Sailing: New Zealand win inaugural S’pore Grand Prix

The SailGP team from New Zealand celebrating their win at the inaugural Singapore Sail Grand Prix at East Coast Park on Jan 15, 2023. ST PHOTO: GIN TAY
The SailGP team from New Zealand during a practice session at East Coast Park on Jan 12, 2023. New Zealand won the inaugural Singapore Sail Grand Prix. ST PHOTO: KEVIN LIM

SINGAPORE – After a day of light winds that saw delays and a cancellation, racing finally picked up on an eventful Sunday at the inaugural Singapore Sail Grand Prix as New Zealand were crowned champions.

The odds were against New Zealand, who had gone into the regatta four points down after they were penalised for making contact with United States in a practice race on Thursday.

With intermittent rain hitting East Coast Park and the winds picking up on Sunday, their crew produced a dominant performance ahead of Denmark and Australia in the three-boat winner-takes-all final that saw them clock an average speed of 53kmh and a top speed of 77.1kmh to claim the team’s third win of the season. The top speed on Saturday was 45.9kmh recorded by Canada.

The Kiwis’ victory in Singapore keeps the pressure on leaders Australia in the SailGP championship leaderboard with two more events in Sydney and Christchurch before the competition’s grand final in San Francisco in May.

Two-time champions Australia lead with 68 points, with New Zealand nine points behind. Britain are third on 54 points.

New Zealand driver Peter Burling said: “To be able to put it together today is an amazing feeling and everyone did an amazing job. We’ve been sailing consistently all week – it’s a shame to have those penalty points for the season but it’s good to come out and show what we’ve got and how strong this team actually is.”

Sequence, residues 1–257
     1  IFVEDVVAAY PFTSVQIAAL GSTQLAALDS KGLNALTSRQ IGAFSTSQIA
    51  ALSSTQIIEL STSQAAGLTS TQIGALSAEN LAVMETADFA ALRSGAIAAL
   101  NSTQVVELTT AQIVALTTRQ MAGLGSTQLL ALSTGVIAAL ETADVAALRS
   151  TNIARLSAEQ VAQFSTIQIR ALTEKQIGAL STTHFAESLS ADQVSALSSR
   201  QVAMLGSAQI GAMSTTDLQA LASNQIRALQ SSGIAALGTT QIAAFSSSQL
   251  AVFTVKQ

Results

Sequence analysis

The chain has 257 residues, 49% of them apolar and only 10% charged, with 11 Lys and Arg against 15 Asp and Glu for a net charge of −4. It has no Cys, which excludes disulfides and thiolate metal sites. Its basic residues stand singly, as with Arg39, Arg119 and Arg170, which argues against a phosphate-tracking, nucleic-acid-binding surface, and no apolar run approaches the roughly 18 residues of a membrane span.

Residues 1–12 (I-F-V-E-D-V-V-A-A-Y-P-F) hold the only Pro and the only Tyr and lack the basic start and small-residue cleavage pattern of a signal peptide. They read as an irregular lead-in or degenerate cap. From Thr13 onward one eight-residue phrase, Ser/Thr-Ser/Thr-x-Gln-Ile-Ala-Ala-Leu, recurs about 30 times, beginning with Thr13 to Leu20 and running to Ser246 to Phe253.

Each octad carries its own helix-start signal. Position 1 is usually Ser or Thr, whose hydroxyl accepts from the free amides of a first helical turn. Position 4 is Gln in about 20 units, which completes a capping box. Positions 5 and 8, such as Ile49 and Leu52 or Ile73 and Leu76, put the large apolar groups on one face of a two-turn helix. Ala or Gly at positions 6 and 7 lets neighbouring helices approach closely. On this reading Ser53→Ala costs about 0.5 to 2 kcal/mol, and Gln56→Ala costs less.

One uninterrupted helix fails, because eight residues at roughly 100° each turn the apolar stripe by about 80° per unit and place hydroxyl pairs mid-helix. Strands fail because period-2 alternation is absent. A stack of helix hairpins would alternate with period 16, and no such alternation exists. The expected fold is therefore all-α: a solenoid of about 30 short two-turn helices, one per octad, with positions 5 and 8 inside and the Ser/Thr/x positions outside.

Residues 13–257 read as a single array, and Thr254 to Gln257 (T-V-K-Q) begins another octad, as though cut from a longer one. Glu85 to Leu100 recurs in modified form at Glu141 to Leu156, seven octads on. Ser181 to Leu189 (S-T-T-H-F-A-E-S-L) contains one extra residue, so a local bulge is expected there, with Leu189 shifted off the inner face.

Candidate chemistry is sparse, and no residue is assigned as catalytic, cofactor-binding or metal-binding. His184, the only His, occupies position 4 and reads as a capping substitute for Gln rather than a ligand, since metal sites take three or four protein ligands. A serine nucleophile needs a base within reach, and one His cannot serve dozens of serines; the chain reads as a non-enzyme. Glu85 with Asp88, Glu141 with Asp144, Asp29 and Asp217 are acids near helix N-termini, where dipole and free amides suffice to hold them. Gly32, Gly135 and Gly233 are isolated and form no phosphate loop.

(From left) The SailGP teams from Denmark, New Zealand and Australia in action on the second day of the inaugural Singapore Sail Grand Prix at East Coast Park on Jan 15, 2023. ST PHOTO: GIN TAY

The Singapore Sail Grand Prix is the hydrofoiling series’ first event in South-east Asia – over 5,000 fans caught the action over the weekend and tickets were sold out.

The US$1 million (S$1.34 million) competition is currently in its third season and features the world’s best catamaran sailors. It will return here for the next two seasons as part of a three-year deal.

The second day of racing saw teams return to their usual six-person configuration after they dropped to four-person crews on Saturday owing to light wind conditions.

Overnight leaders Australia (18 points) got off to a disastrous start in the third race and were relegated to the back of the nine-team fleet after being penalised for an early start.

Switzerland, who joined the series this season, went on to claim their first-ever SailGP race win.

The fourth race was won by the Danish team, who topped the standings to qualify for their first final since the Copenhagen SailGP in August 2022, with Australia and New Zealand joining them in the three-team finale.

Denmark driver Nicolai Sehested said: “It was a good performance from our team, we were sailing well. We always knew we had the level to get into the final, we just needed a good day.

“Obviously, we’d like a win but we’ll take it next time so we’re happy with second.

“Singapore is amazing, good conditions, great support here, it’s been fun racing here and we look forward to be back soon.”

While Australia driver Tom Slingsby was disappointed not to win, he was pleased with the outcome given the challenging conditions.

The 38-year-old said: “We didn’t sail our best today because I want to win every race I do but in a couple of hours, I will look at the results and say third place was pretty good in this event.

“Light winds aren’t our strong point and we got through with it so we’re happy...

“It was nice here. It was tricky conditions – we had rain clouds coming through, thunderstorms, light winds, strong winds, we’ve kind of had everything out there.

“It was nice – it’s the first South-east Asian event we’ve done and I’m sure we’ll be back for many more years to come.”

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